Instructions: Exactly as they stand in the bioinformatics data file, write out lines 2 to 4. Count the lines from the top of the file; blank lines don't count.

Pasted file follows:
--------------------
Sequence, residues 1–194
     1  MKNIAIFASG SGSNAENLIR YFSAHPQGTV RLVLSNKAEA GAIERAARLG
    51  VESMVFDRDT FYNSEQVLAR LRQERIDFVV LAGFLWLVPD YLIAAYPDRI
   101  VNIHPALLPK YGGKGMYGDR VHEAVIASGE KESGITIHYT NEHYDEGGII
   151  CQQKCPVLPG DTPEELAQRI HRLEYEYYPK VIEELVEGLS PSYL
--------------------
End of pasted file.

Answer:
     1  MKNIAIFASG SGSNAENLIR YFSAHPQGTV RLVLSNKAEA GAIERAARLG
    51  VESMVFDRDT FYNSEQVLAR LRQERIDFVV LAGFLWLVPD YLIAAYPDRI
   101  VNIHPALLPK YGGKGMYGDR VHEAVIASGE KESGITIHYT NEHYDEGGII